Beltway conservatives have been warning for weeks that the movement to defund Obamacare through the upcoming budget debate is a political loser. Even columnist Charles Krauthammer, often sympathetic to the Tea Party movement, recently called the move to defund Obamacare a “suicide caucus” because of the risk that their efforts would force a government shutdown just as Republicans were gaining an edge on Democrats.
However, a new poll by Rasmussen indicates that a majority of Americans–51% to 40%–would favor shutting down the government, at least partially, rather than funding Obamacare. Americans who now face the prospect of higher insurance costs, fewer working hours, and the loss of their health coverage or their jobs are willing to suffer a brief interruption in non-essential government services until those problems are solved.
In other worse, the conventional wisdom is wrong–at least about the politics of defunding Obamacare.
GOP insiders had subscribed to the left-wing view that Democrats would benefit from any government shutdown, as they did in the 1990s. They believed, like NPR’s Nina Totenberg, that “all” of the polling data showed that while people dislike Obamacare, “people don’t want to defund it.”
If that were ever true, it is no longer.
Americans oppose Obamacare by strong and growing majorities, but the Republican Party has failed to build an agenda around that majority. They failed most painfully in 2012, when the party’s nominee–the only one who could be elected, also according to conventional wisdom–was Mitt Romney, who enacted a very similar reform as Governor of Massachusetts. Since then, congressional leaders have continued to neglect the issue.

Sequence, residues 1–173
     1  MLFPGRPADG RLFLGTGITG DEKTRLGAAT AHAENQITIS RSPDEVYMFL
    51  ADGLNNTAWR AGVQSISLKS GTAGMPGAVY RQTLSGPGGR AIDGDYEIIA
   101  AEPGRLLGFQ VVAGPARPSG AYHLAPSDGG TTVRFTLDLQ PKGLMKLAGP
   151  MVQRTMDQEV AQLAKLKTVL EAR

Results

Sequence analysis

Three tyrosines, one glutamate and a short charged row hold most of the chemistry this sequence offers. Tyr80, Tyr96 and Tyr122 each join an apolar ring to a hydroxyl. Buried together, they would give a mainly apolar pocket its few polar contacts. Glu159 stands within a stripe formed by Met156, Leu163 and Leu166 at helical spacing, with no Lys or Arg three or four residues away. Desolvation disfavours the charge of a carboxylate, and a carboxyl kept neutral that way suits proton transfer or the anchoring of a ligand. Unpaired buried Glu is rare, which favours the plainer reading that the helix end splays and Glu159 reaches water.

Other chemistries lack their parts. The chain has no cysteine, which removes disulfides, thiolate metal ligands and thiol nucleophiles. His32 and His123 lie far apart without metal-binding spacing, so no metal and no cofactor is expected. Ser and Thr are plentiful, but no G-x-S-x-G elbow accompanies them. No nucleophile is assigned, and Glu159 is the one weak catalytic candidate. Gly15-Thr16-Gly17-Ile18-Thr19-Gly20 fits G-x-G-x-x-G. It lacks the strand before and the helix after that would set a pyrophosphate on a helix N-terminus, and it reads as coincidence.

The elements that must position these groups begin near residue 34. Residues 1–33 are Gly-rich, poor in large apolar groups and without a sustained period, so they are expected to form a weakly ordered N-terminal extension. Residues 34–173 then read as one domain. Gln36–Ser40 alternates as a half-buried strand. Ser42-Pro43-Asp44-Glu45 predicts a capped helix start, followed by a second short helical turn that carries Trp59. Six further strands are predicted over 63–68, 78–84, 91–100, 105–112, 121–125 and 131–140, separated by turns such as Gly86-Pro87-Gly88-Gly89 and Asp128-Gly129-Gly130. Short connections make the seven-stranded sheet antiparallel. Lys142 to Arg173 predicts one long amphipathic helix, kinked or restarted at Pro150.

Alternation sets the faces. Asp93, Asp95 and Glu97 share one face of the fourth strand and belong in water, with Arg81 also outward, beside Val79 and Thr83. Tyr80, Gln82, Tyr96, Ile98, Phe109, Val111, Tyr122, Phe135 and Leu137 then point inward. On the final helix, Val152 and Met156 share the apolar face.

Even on aspects of Obamacare that are opposed almost universally by the American people–such as the new congressional staff exemption, rejected by 94% of Americans–Republicans in Congress have largely been silent (worse, some even supported the exemption).
It is true that Americans might turn against a shutdown once it actually began to bite. But the risk is one that visionary political leadership would be ready to tackle.
The Democrats who plotted–years in advance–to use universal health care in 2009 as a battering ram for even more radical legislation were confident that people would never give up their new entitlement once they had it. Today, it is the conservative wing of the Republican Party that is fighting for Americans’ right to keep their health insurance.
This is a bread-and-butter issue like no other. It is no “suicide mission.” It is a no-brainer.